>> Duke’s First Amendment Clinic and the UVA First Amendment Clinic filed separate amicus briefs in the First Circuit supporting a Maine high school student who was suspended for allegedly disrupting school by posting a note in the restroom alerting people to the school’s problem of sexual violence. Duke’s brief, on behalf of the clinic and a young woman, detailed why the First Amendment protects the student’s on-campus speech and highlighted the suspension’s potential impact on future reporting of sexual assault. UVA’s brief, on behalf of the Maine Press Association, focused on additional punishment the student appeared to receive for speaking to the news media, and it argued that off-campus speech to the press should be entitled to full First Amendment protection.
Ruling expands public’s access to results of clinical trials studying drugs and medical devices
In a lawsuit brought by the Yale Media Freedom and Information Access Clinic and NYU Technology Law & Policy Clinic on behalf of two researchers, the Southern District of New York recently held that the FDA, NIH and HHS misinterpreted a 2007 law requiring the sponsors of clinical trials to disclose the results of those of FDA-approved products to the public. The court’s order requires the government to collect and post to the ClinicalTrials.gov website about a decade’s worth of trial results — making data from potentially hundreds of clinical trials available for the first time.
Share your collaborations with us, or let us help you find a partner on a worthwhile matter. Email Josh Moore at jmoore (at) rcfp (dot) org for more information.
In the News
>> The Philadelphia Inquirer and WHYY covered a victory of Georgetown’s Institute for Constitutional Advocacy in which a federal district court found a First Amendment right to audio-record bail hearings in Philadelphia. Several students in ICAP’s practicum contributed to the lawsuit, in which ICAP represented nonprofit Philadelphia Bail Fund, since it was filed last summer.
>> The Buffalo News, WGRC-TV and the Niagara-Wheatfield Tribune wrote about the Buffalo Civil Liberties and Transparency Clinic filing a lawsuit against Niagara County on behalf of the Buffalo Niagara Coalition for Open Government. The lawsuit challenges a county law that kept private the annual financial disclosure statements filed by county government officials before 2019.
>> Law360 and WESA-FM reported on arguments by students at the University of Virginia First Amendment Clinic in an open records matter in Pennsylvania state court on behalf of newspaper The Caucus. The Allegheny County District Attorney’s Office appealed a Pennsylvania Office of Open Records decision that it had to disclose technical information about its network of more than 1,000 security cameras in and around Pittsburgh.
>> The Arizona Capitol Times wrote extensively about information the Arizona State First Amendment Clinic helped the newspaper get unsealed in the criminal case of Paul Petersen, a former Maricopa County (Arizona) official who faces felony charges in multiples states for allegedly running an illegal adoption service.
FELN Jobs Board
A number of positions are listed on the FELN Jobs Board.
Around the Network
>> The University of Georgia School of Law has appointed Clare R. Norins as the first director of its First Amendment Clinic, which will launch this fall. Norins told Law.com that she has three primary goals for the new clinic at UGA:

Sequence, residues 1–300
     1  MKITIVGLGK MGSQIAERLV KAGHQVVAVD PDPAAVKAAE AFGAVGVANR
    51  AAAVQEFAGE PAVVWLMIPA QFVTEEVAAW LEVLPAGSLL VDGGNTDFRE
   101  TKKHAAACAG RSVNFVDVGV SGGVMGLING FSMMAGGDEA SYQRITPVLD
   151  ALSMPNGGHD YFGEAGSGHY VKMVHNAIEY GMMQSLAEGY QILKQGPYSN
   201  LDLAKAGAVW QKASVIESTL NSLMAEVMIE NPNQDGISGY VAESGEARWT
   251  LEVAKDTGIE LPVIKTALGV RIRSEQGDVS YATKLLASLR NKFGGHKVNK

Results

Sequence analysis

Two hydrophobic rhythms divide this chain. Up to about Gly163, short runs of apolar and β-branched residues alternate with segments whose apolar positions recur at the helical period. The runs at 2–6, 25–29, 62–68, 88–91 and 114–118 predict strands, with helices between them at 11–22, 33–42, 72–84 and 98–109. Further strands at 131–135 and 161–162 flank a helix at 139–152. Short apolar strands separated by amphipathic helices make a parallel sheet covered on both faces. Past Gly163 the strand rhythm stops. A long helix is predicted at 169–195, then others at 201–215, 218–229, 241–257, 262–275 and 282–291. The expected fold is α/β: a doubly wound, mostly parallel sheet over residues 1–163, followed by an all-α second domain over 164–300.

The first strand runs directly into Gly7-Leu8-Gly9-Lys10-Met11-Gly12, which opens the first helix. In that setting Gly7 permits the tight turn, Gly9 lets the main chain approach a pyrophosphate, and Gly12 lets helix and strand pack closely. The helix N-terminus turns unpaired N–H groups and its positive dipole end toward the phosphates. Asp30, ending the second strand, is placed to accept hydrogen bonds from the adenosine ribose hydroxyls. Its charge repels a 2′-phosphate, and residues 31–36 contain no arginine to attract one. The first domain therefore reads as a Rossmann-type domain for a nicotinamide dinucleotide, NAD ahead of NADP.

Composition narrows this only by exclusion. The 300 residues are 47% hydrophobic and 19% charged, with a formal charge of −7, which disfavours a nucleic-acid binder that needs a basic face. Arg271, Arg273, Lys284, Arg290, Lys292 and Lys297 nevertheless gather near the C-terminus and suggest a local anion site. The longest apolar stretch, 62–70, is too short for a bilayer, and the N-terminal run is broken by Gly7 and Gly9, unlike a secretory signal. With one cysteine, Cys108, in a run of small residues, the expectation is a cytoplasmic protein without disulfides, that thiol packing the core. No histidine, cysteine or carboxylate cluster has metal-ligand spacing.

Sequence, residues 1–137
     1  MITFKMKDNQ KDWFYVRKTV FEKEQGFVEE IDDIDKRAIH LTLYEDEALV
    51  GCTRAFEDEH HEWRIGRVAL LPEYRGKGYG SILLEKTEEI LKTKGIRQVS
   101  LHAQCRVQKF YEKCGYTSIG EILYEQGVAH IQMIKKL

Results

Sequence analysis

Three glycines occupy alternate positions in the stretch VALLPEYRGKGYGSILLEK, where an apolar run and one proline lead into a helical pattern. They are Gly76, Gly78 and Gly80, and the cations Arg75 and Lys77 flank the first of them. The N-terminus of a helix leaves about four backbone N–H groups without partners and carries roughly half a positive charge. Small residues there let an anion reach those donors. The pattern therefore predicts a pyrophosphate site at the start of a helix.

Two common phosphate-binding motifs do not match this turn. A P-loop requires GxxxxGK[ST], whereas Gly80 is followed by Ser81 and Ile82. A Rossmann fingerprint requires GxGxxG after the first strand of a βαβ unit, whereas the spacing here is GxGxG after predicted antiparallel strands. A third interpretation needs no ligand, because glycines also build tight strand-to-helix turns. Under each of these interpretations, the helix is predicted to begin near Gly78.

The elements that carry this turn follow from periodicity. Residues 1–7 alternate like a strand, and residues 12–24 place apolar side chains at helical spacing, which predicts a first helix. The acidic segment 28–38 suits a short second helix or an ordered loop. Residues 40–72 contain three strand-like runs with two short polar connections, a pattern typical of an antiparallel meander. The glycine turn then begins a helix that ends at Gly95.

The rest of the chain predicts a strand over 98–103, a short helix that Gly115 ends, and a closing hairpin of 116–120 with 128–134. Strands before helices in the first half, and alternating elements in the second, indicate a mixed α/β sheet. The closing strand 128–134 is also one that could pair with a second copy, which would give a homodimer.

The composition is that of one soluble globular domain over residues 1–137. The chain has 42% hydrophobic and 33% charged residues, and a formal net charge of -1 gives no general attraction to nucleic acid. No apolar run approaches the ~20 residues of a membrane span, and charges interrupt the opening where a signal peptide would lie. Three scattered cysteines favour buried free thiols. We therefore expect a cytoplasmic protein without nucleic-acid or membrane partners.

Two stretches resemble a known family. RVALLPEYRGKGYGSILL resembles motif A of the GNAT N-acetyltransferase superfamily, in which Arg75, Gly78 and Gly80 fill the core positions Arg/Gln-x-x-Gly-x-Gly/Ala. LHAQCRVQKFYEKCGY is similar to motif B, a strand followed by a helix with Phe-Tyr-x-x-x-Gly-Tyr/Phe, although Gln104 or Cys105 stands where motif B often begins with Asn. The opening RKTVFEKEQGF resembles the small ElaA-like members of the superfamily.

- Defend and advance the First Amendment through direct representation and advocacy;
- Provide law students with real-world experience to become leaders on First Amendment issues; and
- Serve as a resource for organizations, journalists, public employees, and the public on issues of free expression and open access to public information.
>> Ian Kalish serves as a fellow at the Duke First Amendment Clinic this academic year. Kalish assists in litigating cases and helping build out the clinic’s Campus Speech Database that tracks free speech conflicts in colleges and universities nationwide.
>> In a Medium post, Harvard Cyberlaw Clinic’s Kendra Albert did a Q&A on their path from clinic student to clinical instructor, in honor of the Cyberlaw Clinic’s 20th anniversary. The experiences Albert held on to as a student are the same they try to give their students:
“[T]he projects that resonated with me the most when I was working in the Clinic were the ones where it’s like, ‘Okay, this real client needs this real thing involving trademark or so on and so forth.’ That’s something I take into my work with students now — the unique opportunity of clinics is to take things out of the research, academic thinking and to, ‘Okay, this client needs this real thing.’”
- Publicly available resources (sample court filings, amicus briefs, public records requests, etc.)
- Member-only resources (password protected) (syllabi, readings, dockets, etc.)
Lecture on Prepublication Review: Fabio Bertoni, general counsel at The New Yorker, and Carolyn Foley, VP and associate general counsel at Penguin Random House, recently spoke over lunch with Reporters Committee attorneys on their approach to vetting reporting projects prior to publication. They agreed to let us share this discussion with FELN members and your students.
+ Contribute: Share your current syllabi, other internal documents, court documents, etc. that might be helpful for other members by emailing jmoore (at) rcfp (dot) org. That’s also how you can get the password to the member-only folders.
>> Rutgers’ Ellen P. Goodman, along with Karen Kornbluh, released a new report, “Safeguarding Digital Democracy,” that finds the U.S. information ecosystem is “woefully vulnerable” to the spread of disinformation on the Internet. The report, from the Digital Innovation and Democracy Institute at the German Marshall Fund, suggests a roadmap both for immediate policy actions and for further research and collaborations. It also looks at how prevalent disinformation related to the coronavirus is right now.
>> New Media Rights Executive Director Art Neill and Staff Attorney Erika Lee recently published an article in the University of Texas Intellectual Property Law Journal. The article, “Fixing Copyright Registration For Online Video Creators: The Case for Group Registration of Published Videos,” explores options for modernizing copyright registration, including group registration of videos.
Thanks for reading
>> Share your news, or let us know your ideas, feedback or questions about this newsletter: jmoore (at) rcfp (dot) org
This newsletter was compiled by Josh Moore at the Reporters Committee for Freedom of the Press.